One of the major problems we have in our culture, especially when it comes to women, is the idea that we have to be a certain size. Any woman who does not fit into the minuscule sizes prescribed by Hollywood, Madison Avenue or the fashion industry is essentially told that she is wrong for not fitting into their vision of how a woman should look.
Lizzo is one of the newest and hottest stars in the music industry at the moment. She is also not a size 2.
Recently, she has been the recipient of criticism because of her size. Television personality and trainer Jillian Michaels (known for TheBiggest Loser) publicly berated the singer for her size.
Granted, there are valid health risks when someone is overweight.
However, the idea that someone who is thin is healthy and someone who is overweight is not healthy is a fallacy. But my main problem with her criticism is that if Lizzo was the same size as Beyonce or Taylor Swift, no one would say anything about her size.
But because Lizzo looks more like the average American woman than 99% of Hollywood, she is called out for her weight. The problem with this criticism is that it sends the wrong message to women, especially young women. Eating disorders affect too many women who embrace the idea that they have to be a certain size to be loved or to be successful.
I understand that Michaels was not speaking out of malice, but out of concern. But I wish that she and others would realize that not every woman is meant to be a size 2 and a healthy body comes in all sizes.
For too many years, women have been told that the only way to be attractive and successful is to be thin.
Tess Hollidayproves that a woman does not have to be a size 2 to be either attractive or successful.
The fact that she is rocking the cover of the October edition of UK Cosmopolitan shows the progress that has been made toward representation of women of all sizes.
Of course, the story would be incomplete without the haters and the fat shamers. While it’s true that obesity is an issue that many are dealing with, so is eating disorders.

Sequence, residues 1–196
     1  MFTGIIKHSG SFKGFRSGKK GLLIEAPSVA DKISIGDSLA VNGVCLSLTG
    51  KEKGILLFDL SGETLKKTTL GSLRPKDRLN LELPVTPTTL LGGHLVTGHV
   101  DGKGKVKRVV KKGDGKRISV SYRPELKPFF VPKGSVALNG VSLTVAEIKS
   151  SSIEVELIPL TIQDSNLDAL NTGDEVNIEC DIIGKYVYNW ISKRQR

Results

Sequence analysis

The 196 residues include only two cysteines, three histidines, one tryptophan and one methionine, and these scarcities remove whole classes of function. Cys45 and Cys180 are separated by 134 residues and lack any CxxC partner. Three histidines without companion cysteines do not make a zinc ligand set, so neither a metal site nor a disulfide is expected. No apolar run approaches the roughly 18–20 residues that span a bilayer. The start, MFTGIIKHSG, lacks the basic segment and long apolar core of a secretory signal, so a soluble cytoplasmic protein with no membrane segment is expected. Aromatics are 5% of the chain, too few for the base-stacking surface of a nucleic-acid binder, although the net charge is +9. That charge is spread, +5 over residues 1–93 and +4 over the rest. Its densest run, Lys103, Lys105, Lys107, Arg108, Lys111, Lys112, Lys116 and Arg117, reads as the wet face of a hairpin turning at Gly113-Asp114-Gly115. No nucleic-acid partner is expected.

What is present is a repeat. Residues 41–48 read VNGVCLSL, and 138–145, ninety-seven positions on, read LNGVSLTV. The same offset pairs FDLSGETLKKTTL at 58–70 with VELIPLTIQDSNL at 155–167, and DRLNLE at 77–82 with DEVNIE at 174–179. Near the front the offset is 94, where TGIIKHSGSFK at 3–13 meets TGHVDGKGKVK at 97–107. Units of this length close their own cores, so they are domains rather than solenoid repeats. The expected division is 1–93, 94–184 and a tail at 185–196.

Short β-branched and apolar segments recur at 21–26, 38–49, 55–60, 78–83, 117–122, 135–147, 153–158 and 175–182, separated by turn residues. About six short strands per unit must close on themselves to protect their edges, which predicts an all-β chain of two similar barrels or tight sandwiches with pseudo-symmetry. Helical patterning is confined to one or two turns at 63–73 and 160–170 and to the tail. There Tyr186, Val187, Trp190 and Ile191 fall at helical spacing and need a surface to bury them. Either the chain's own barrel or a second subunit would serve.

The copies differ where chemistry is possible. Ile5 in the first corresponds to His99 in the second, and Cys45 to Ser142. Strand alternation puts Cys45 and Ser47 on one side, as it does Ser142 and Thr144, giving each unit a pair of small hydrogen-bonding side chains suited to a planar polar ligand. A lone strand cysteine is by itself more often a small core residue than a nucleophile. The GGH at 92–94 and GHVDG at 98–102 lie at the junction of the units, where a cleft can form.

I can’t help but wonder if the rates of eating disorders would somehow be lessened if more women and young girls who looked like Ms. Holliday were on the covers of magazines and on the screen. The reality is that more women look like Ms. Holliday than the women who usually appear on magazine covers.
While we, as a culture, are far from an ideal world where a woman is judged by her abilities and not by her clothing size, this new magazine cover is giant step towards that ideal world.
Winter is finally behind us and summer is just around the corner.
That means the heavy jackets and multiple layers can be replaced with t-shirts, shorts and jeans.
Samantha Sollitto is a typical 16-year-old attending Susan E. Wagner High School in Staten Island, NY. With the weather heating up, she recently wore jean shorts and plum-colored tank top to school. She was stopped by a school employee who determined that the dress code had been broken.
According to the employee, Ms. Sollitto was forced to change her shirt because her arms were not covered up.
This happens every year. As it gets warmer, suddenly schools are having a conniption because their female students want to be comfortable.
While I respect that a dress code is important, it also bothers me that only the girls were being stopped and force to change their clothes. There are countless stories of this ilk that appear in the media this time of year and it always the girls who are asked to change their clothing, never the boys.
It’s the same old story, that female flesh is a temptation to the male sex and must be hidden. It feels like not only is the boy’s education worth more than the girl’s education, but that she is a distraction in the classroom. It doesn’t help that the young lady in the story felt like she was being body shamed, which has been proven to lead to eating disorders.
I applaud Ms. Sollitto for stepping forward and speaking up. Perhaps if more us did, the double standard and body shaming would hopefully be a thing of the past.
The statistics around eating disorders are startling and scary, to say the least. It has become an epidemic, taking the lives of otherwise healthy people.
In the 1997 television movie, Perfect Body, Andie Bradley (Amy Jo Johnson) has only one dream: to be a part of the Olympic American gymnastics team. She gets her shot when David Blair (Brett Cullen), a respected gymnastics coach, agrees to work with her. On top of the pressure to train, Andie is also receiving pressure to lose weight. At first, she tries dieting, but that is not enough. Then her one of team mates shows her another way to lose the weight. Sure, it’s easier, but in the end, it may be Andie’s undoing.
While having the main character as a gymnast with dreams of going to the Olympics is a little too predictable, the movie overall is not that bad. The message about eating disorders is cloaked in such a manner that the audience forgets that there is a lesson and a warning underneath the narrative.